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Development funding looks uncertain

Posted 12/22/15 (Tue)

By Cecile Krimm
The future of Crosby’s city sales tax, a downturn in funding for a regional development council and the re-prioritizing of Small Business Development Center funding are all signs creating questions for the future operation of the Divide County Jobs Development Authority.
When the board held its regular monthly meeting Wednesday last week, they approved a zero salary increase for Developer KayCee Lindsey -- a move she also endorsed.
The JDA is dependent on the City of Crosby’s sales tax for about half of Lindsey’s salary. A smaller amount of funds -- about $5,000 -- comes from a contract with the SBDC, which cut funding for the Williston Region by 10 percent this year.
Lindsey said, while that cut is concerning, it’s not a large amount.
More concerning, said Chairman Doug Graupe, is the fact the City of Crosby likely will put the continuation of its city sales tax on the ballot in June.
A portion of Lindsey’s salary is funded by the tax.
Also concerning, he said, is the future viability of Tri County Regional Development Council.
While Tri County doesn’t provide direct funds to the JDA, its staff has provided countless services to projects in Divide County over the past 25 years.
Graupe, who also sits on the Tri County board, said Tri County always made most of its budget through the administration of Community Development Block Grant projects.
While the state kicked in more money this year to allow the council to keep offering services in the rural communities, block grant monies are tending to go more to “hub” cities like Fargo, Minot and Bismarck.
Graupe said Tri County’s funding for 2016 is so-so, but workable, however “’17 is really questionable . . . they’re basically going broke.”
Another board Graupe sits on, the Burke Divide Williams water board, may have some significant funds he will recommend they relinquish to Tri County, in recognition and support of the regional council’s work on the water pipeline that is now being taken over by Williams Rural Water.
Graupe noted that while the state gave authority for the regional councils to be established, there is no mechanism for their financial support.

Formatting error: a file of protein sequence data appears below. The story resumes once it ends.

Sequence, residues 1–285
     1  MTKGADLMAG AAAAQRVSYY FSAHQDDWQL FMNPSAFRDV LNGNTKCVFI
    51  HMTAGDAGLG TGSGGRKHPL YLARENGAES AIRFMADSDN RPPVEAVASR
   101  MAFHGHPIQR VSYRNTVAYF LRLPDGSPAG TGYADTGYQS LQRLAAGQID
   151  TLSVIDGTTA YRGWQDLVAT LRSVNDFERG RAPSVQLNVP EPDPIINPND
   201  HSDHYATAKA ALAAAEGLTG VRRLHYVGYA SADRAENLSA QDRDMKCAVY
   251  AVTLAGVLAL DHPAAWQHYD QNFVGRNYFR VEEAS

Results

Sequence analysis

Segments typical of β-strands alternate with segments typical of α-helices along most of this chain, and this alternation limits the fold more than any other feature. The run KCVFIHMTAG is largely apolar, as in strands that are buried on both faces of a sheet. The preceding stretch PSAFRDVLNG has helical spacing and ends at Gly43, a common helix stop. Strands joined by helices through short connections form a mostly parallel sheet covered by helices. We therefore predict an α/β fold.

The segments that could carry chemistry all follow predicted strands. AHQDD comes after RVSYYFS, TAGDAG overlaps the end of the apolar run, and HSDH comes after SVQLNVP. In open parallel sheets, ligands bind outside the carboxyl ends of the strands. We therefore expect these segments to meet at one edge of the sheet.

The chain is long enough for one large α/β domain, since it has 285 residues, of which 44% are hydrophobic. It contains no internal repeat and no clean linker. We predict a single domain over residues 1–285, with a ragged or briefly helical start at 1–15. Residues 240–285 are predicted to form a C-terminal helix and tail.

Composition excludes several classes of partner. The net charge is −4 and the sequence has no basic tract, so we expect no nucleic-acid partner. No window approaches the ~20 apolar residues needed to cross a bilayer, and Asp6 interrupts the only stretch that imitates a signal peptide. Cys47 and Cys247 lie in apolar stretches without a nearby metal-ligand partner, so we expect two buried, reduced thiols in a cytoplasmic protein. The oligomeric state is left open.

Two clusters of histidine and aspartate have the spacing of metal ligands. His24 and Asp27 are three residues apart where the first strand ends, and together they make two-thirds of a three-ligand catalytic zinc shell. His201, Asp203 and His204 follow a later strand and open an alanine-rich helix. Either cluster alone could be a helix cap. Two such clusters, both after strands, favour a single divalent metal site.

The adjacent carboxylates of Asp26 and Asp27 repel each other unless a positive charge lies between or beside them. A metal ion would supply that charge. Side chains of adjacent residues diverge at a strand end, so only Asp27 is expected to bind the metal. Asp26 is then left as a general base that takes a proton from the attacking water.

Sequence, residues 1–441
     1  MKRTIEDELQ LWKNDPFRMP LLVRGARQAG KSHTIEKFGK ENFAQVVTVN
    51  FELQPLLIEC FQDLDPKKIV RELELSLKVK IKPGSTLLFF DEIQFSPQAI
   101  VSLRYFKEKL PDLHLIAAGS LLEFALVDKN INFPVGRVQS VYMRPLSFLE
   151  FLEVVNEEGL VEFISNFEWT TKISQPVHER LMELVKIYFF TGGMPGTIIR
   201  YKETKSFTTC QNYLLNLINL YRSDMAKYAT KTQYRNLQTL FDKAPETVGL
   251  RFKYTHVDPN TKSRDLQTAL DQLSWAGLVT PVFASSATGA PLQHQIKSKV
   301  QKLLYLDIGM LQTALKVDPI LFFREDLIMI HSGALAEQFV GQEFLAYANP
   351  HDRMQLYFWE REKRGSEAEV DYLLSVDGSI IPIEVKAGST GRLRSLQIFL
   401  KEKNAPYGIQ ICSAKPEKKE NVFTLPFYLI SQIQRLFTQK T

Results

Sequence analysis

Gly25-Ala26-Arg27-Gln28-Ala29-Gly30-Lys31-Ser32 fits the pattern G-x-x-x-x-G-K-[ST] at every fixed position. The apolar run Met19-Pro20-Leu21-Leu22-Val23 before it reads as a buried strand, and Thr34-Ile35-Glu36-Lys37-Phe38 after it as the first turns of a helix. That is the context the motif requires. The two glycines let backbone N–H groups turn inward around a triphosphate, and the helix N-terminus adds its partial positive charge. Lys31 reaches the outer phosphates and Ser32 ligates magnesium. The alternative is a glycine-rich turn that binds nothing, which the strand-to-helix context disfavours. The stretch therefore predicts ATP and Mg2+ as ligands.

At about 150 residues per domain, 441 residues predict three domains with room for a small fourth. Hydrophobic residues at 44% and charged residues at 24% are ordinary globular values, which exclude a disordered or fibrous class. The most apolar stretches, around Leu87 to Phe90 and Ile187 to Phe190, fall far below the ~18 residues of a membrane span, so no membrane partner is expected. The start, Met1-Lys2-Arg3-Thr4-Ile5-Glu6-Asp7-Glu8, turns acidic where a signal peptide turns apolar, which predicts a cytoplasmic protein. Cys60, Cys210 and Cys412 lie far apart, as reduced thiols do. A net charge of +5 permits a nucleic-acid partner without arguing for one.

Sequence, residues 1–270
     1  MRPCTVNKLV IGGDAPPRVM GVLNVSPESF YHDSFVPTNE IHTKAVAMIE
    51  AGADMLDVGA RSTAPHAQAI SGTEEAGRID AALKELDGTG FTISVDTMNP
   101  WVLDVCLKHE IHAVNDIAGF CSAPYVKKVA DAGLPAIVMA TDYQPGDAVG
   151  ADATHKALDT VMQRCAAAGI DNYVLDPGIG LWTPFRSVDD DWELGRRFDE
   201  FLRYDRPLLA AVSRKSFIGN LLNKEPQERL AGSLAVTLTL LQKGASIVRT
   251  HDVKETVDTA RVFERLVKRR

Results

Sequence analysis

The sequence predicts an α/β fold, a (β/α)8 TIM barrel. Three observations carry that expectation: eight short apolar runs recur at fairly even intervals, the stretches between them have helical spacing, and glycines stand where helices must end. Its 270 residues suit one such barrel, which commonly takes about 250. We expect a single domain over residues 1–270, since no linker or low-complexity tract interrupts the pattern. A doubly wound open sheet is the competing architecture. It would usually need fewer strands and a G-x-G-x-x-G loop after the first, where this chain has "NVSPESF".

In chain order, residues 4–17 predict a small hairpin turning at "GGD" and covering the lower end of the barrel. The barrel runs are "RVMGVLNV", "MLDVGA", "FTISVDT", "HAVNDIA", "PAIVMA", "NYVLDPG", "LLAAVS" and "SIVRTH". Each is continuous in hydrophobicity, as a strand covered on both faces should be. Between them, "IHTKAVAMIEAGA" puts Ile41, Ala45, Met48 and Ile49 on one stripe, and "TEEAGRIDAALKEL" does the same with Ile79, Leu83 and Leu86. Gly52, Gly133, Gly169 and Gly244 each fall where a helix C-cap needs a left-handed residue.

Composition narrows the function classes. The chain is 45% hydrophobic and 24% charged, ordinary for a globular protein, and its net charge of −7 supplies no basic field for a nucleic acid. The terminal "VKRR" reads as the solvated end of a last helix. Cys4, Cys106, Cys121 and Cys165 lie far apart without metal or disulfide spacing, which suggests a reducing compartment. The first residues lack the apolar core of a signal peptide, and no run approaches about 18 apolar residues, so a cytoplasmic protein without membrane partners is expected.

He is hoping legislators will remedy that situation in the 2017 session.
“Otherwise, I don’t know how long we’re going to be able to keep going,” he said.
One reason CDBG funds have been less available in recent years -- cutting into the administrative fees Tri County may receive -- is that the program has a requirement of service to low-income people, and the oil boom significantly changed the ability of oil patch communities to meet that requirement.
Filter sock building
The board also discussed what might be done to help the City of Noonan facilitate the removal of a building near the town’s entrance, which last winter was the site of a discovery of radioactive filter socks.
Lindsey said she can look into the process of having it declared a “brownfield,” but based on the inability to use that federal program for cleaning up the former Fortuna Radar Station, Chairman Doug Graupe said he doubts any funds will be available.
Board member and fellow county commissioner Gerald Brady agrees.
“It’s almost got to be deemed a public hazard before they’ll step in,” he said.
Lindsey said she is surprised the state doesn’t have a similar program of its own.
She said the owners of the property -- whose whereabouts are unknown -- are two years in arrears on the taxes, so the building could be forfeited to the city in another year. Once that occurs, the city will have to determine what’s to be done with the property.
“When you drive by and look at that building I am just amazed it hasn’t blown over with the winds we have had,” she said.
In other business, the board:
nLearned of an award of $2,000 from the Northwest Community Foundation to the Crosby Kids Daycare project. 
nHeard the Fortuna Senior Citizens are still seeking about $15,000 in funds for the payoff on building improvements. The city intends to cover the costs in the interim
nHeard Lindsey’s plan to begin development of a tuition repayment or housing down-payment incentive for skilled tradesmen and other professionals that could be needed in the community to replace people who could decide to retire within a few years.